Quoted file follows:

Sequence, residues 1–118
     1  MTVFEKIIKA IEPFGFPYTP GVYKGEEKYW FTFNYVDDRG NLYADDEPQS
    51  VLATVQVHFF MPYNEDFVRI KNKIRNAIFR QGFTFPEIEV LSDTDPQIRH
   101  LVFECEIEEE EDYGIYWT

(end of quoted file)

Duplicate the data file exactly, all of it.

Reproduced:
Sequence, residues 1–118
     1  MTVFEKIIKA IEPFGFPYTP GVYKGEEKYW FTFNYVDDRG NLYADDEPQS
    51  VLATVQVHFF MPYNEDFVRI KNKIRNAIFR QGFTFPEIEV LSDTDPQIRH
   101  LVFECEIEEE EDYGIYWT